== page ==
Use a detail map in a custom shader

Use the Displace and/or Displacement Texture VOPs.

Masterclass video

This masterclass video covers detail maps.

Normal map formats

You can store normals in a texture in a few ways. Unfortunately, there is no clearly defined standard, so mantra shaders have a few options to account for these different formats.

Vector space

Tangent space

Stores the normal relative to the tangent space of the surface. Normals will still look right when the surface deforms, like the skin of an animated character.

World space

Stores normals relative to world space. If the surface moves or deforms, it will appear to swim through a texture anchored in place. You should generally only this for static geometry. World space maps preserve sharp cusps better than tangent-space maps.

Object space

Stores normals relative to the object transform. Objects can move, but if they deform the normals will not look right.

/shade/0,1 vs /shade/-1,1

The values of a normal vector are naturally in the [-1,1] range.

Since negative texture values are difficult to work with and impossible to store in some texture formats, applications usually remap the values to the [0,1] range before they're stored in a texture.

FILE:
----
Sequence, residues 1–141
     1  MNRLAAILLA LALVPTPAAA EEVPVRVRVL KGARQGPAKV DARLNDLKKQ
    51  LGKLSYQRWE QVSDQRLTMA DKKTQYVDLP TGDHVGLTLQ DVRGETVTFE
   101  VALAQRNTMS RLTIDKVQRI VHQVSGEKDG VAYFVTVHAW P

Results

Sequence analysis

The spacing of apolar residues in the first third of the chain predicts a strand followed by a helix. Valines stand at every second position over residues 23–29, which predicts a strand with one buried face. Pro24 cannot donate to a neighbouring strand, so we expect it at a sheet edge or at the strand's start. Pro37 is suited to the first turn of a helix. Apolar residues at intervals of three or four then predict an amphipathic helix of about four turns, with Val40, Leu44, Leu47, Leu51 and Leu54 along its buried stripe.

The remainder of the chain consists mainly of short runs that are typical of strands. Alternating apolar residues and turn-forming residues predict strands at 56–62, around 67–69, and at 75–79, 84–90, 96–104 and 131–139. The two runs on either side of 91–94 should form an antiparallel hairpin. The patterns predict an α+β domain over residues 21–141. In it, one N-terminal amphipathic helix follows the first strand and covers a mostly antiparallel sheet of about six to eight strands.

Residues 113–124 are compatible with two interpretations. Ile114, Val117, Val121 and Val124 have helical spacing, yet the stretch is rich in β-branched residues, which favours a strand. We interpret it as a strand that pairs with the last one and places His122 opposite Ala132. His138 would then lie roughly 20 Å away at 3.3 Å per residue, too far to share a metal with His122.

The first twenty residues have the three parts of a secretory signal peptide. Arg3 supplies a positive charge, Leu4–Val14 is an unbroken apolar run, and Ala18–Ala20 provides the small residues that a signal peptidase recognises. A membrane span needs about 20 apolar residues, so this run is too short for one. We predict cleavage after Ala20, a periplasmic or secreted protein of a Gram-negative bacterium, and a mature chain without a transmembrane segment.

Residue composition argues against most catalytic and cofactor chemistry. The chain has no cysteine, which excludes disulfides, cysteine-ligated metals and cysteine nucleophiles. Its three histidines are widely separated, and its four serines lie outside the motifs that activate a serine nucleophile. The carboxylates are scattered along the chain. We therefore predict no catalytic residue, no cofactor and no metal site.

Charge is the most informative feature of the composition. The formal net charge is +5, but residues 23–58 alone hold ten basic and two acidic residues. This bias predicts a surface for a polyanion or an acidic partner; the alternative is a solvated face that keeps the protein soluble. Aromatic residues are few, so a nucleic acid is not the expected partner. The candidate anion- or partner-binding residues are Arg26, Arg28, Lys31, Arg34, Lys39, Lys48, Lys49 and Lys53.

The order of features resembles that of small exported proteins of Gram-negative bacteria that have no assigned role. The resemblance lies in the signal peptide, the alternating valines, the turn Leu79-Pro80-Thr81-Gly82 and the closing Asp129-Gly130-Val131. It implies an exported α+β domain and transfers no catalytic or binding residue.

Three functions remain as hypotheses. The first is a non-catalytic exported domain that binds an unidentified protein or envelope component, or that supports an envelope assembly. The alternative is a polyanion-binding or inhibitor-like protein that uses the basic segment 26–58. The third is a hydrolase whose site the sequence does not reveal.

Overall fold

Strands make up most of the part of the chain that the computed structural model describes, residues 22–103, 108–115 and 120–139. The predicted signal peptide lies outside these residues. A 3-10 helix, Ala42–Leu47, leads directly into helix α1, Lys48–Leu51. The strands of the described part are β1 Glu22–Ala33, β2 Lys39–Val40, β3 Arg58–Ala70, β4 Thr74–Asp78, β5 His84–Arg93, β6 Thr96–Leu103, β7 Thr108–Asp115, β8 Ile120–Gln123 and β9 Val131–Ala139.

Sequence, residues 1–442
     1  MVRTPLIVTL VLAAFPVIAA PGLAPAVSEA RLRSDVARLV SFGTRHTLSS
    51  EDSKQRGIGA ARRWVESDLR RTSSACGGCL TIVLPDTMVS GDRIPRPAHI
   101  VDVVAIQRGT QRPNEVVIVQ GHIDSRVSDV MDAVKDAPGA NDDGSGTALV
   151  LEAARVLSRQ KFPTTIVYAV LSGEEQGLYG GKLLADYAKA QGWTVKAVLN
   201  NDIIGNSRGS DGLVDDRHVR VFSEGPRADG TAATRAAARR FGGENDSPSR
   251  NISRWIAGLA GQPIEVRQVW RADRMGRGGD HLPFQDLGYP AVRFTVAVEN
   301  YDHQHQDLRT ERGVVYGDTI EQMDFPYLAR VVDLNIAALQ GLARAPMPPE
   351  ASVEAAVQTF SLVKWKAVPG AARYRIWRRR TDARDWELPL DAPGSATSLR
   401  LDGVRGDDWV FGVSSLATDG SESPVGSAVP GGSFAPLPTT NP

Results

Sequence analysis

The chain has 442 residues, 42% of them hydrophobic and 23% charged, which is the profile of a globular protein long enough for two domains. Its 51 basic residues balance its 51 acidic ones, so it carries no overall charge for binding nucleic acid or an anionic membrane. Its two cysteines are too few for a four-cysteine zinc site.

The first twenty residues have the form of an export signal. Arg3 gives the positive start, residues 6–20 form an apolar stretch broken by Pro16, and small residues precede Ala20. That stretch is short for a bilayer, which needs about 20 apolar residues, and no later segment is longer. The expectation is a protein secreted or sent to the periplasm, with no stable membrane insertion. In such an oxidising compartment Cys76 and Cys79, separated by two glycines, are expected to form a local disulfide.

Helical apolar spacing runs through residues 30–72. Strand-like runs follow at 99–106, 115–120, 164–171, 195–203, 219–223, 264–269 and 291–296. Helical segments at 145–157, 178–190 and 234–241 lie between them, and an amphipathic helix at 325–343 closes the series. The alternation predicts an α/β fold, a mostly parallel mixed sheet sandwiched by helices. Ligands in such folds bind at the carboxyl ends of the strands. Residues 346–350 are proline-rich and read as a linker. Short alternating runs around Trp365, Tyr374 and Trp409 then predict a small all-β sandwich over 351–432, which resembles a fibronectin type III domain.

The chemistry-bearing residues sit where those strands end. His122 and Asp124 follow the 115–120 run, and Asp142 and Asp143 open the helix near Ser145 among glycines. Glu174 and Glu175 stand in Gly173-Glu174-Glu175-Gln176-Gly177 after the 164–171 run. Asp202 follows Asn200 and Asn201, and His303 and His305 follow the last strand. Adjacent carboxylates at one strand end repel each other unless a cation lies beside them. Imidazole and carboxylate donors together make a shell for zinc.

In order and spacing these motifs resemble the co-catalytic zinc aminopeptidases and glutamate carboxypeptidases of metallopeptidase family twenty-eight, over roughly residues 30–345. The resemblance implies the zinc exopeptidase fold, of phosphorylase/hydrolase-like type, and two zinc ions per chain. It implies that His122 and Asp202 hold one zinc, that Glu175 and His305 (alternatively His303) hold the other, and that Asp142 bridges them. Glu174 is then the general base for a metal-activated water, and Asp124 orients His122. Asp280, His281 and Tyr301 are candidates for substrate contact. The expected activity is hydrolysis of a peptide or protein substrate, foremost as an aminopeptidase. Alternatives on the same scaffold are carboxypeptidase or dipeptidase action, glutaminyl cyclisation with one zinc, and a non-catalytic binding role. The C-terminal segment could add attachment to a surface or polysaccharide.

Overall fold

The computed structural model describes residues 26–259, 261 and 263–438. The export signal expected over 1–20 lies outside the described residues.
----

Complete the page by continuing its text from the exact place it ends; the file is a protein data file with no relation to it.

When rendering with textures stored in this format, leave the Normal Space parameter on mantra shaders at the default of 0 to 1.

Formats like .rat and .exr can store the normals using their natural [-1,1] range, so you may sometimes encounter textures that are stored this way. In this case set Normal Space to -1 to 1.

Flipped X & Y

Textures exported from some packages will have the Y, and more rarely the X component flipped. If your texture imports flipped, use the Flip X and Flip Y parameters on mantra shaders to correct it.

Color Space

You should store detail maps in linear color space. If you save a map in an image format that is natively sRGB (such as TIFF, JPEG, or PNG), you must avoid applying gamma to the image.

  • If you write a detail map with the Composite ROP, turn off Convert to Image Format’s Colorspace.

  • If you load a map in a Texture VOP, set the color space to Linear to prevent gamma correction.

  • If you load a map into the compositor with a File COP, turn off Linearize Non-Linear Images.

Create a tangent-space normal map from a height map

You can create a normal map from a height (or displacement) map in Houdini’s compositor.

  1. Load the height map in a File COP. Turn off Linearize Non-Linear Images (to prevent gamma correction).

  2. Append a Gradient COP.

    Set the Gradient Type to "Displacement", and the Output to "Normal Map".

    Use the Scale parameter to adjust the normals. The inverse of the displacement map scale used by the material is a good scale to use: 1/(maximum displacement).

  3. Append a ROP File Output node. Set the Output Filename and turn off Convert to Image Format’s Colorspace to avoid gamma correction.

See also

Materials

Using materials

Textures and UVs

Creating materials

Guru level

Other renderers